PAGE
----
Last updated on December 11, 2019
Healthcare providers and health systems all around the world are shifting. As an essential part of the health programs, pharmacists, physicians, nurses and other health care professionals will need to accommodate and proceed to satisfy the requirements of the patients and authorities.
Although modern medical therapies are saving lives, a rise in the deficiency of curative adherence in patients – particularly the ones that are polymedicated – is seen throughout the continent.
The amounts are all clear on this issue. At a social level, these startling figures have deleterious effects, using an estimated 200,000 premature deaths each year in Europe coming from drug non-adherence. Of these, roughly 18,000 are enrolled in Spain alone. The dearth of drug adherence also comes at a huge price for EU member countries, making $125 billion in surplus healthcare costs.
Pharmacies and health care professionals are well conscious of those inefficiencies and have designed, developed and established the Personalised Dose System (PDS), which divides medicinal products into components that include the personalized components of medication an individual patient should consider at a specific time and day. This program helps patients with carrying their medication correctly and punctually, particularly those polymedicated patients that frequently struggle to follow their remedies rigorously.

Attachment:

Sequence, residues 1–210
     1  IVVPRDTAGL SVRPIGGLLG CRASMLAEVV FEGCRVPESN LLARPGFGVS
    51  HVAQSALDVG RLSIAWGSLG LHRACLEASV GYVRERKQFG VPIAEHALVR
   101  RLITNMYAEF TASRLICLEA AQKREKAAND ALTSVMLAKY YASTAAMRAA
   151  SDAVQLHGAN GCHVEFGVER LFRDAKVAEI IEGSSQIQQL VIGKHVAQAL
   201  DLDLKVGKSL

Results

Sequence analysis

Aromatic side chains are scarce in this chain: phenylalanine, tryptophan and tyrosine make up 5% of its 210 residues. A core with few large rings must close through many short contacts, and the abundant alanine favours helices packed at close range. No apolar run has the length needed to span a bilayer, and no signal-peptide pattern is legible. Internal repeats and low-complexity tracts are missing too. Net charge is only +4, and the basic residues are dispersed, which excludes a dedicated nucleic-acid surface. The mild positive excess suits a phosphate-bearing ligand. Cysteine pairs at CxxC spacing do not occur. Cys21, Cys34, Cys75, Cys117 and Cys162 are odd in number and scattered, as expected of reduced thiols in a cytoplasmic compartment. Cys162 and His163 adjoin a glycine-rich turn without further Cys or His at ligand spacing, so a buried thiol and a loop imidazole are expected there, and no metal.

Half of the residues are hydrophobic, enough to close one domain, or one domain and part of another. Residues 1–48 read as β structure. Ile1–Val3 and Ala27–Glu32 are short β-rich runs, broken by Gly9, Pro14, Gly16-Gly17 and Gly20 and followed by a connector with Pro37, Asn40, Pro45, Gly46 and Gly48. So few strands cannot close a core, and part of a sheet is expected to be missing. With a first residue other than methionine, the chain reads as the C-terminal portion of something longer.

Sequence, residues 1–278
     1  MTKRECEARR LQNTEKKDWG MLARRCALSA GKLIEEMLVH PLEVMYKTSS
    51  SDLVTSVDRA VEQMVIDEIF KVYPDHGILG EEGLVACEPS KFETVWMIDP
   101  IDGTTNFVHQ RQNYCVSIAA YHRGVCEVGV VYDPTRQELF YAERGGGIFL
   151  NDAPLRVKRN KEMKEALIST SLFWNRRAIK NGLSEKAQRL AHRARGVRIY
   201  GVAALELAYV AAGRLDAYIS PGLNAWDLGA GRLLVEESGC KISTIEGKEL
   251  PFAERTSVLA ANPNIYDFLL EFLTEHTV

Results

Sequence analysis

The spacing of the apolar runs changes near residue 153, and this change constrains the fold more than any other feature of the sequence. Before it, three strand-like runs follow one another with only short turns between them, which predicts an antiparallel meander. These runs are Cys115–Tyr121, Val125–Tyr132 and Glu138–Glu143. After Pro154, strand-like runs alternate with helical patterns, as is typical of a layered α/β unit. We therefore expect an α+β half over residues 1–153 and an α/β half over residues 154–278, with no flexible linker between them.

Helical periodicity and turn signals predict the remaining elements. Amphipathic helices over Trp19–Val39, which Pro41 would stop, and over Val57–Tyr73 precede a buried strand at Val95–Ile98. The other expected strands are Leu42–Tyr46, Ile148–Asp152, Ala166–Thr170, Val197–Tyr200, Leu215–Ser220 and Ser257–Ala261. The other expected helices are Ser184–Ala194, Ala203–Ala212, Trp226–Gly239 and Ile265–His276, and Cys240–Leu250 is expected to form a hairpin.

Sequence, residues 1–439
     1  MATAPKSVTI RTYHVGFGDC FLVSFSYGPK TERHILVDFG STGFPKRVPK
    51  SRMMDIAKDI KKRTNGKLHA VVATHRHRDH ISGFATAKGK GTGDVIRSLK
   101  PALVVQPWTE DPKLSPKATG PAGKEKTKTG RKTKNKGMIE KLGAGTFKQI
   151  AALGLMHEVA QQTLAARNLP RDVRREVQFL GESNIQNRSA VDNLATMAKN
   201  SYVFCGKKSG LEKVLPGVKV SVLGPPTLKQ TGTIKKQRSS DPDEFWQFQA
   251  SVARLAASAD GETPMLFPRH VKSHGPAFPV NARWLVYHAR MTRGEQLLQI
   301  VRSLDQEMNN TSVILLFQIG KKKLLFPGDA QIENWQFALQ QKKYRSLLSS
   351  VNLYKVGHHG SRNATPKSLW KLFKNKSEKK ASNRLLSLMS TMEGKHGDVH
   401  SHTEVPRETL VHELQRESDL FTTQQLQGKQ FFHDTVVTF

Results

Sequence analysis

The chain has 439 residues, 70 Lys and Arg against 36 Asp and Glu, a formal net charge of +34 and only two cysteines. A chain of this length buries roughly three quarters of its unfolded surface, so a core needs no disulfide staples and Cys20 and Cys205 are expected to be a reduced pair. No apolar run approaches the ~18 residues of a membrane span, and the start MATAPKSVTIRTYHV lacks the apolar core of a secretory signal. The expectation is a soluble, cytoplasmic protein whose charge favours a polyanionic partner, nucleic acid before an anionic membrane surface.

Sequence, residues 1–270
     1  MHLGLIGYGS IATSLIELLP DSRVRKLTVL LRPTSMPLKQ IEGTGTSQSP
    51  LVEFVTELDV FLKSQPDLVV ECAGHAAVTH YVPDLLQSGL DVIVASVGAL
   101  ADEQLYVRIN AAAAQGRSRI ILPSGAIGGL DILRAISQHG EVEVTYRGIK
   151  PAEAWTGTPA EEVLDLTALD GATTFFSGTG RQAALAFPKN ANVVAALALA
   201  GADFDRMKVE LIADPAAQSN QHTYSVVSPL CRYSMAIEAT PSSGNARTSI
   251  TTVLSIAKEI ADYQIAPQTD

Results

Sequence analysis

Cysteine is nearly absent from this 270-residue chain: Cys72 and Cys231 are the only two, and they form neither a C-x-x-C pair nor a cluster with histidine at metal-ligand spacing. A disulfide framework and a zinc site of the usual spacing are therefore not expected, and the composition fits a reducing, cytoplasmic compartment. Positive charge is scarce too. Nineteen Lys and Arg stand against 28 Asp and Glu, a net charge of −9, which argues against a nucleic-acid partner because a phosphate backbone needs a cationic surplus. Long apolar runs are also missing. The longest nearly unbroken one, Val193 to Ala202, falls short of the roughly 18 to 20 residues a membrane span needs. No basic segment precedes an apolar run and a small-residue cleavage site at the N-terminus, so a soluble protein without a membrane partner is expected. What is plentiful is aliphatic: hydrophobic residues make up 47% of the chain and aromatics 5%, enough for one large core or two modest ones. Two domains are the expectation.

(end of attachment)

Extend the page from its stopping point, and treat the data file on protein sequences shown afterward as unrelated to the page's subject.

Community pharmacists can also be relying upon dosage dispensing to reduce discrepancies between patient medication records and healthcare providers, offer advice for patients’ adherence, and encourage disease prevention and wellness education.
Though the personalized dose process isn’t needed for the majority of patients, its debut for specific groups ought to be required. Back in Spain, the context of an aging society and rising instances of drug errors necessitates the urgent execution of a dose dispensing system. As much as 80 percent of the entire healthcare cost of Spain is dedicated to chronic patients, half of whom don’t adhere to their drugs. Additionally, three out of 10 patients quit taking their drugs after beginning treatment, and nearly half of chronic patients self-regulate their medicine.
Although laws to foster the execution of dose dispensing are nonexistent at a federal level, a few regional governments in Spain back this medical option.
We at SEFAC consider that lots of the issues faced by particular patient groups – chronic, determined, polymedicated – in there, every day lives might be alleviated or resolved if pharmacists were empowered and dose dispensing was set in place throughout the nation, not at a neighborhood level.
Though dose dispensing isn’t yet a frequent practice during the EU, it’s shown beneficial where it’s been utilized, improving the standard of life of individuals, leading to decreased time specializing in prescribing and administering medication (GPs and community pharmacists), finally strengthening better drug compliance in patients along with a cost-effective clinical effects.
All health care providers discuss the mission of ensuring a secure, accountable, effective and efficient utilization of services, health care interventions and medications, with the ultimate aim of optimizing health effects. It’s particularly worrying that there’s not any legal framework to encourage dose dispensing in several EU states as a powerful tool to increase drug safety, along with the pharmaceutical follow-up, which might be articulated by reimbursing the pharmacists for its support.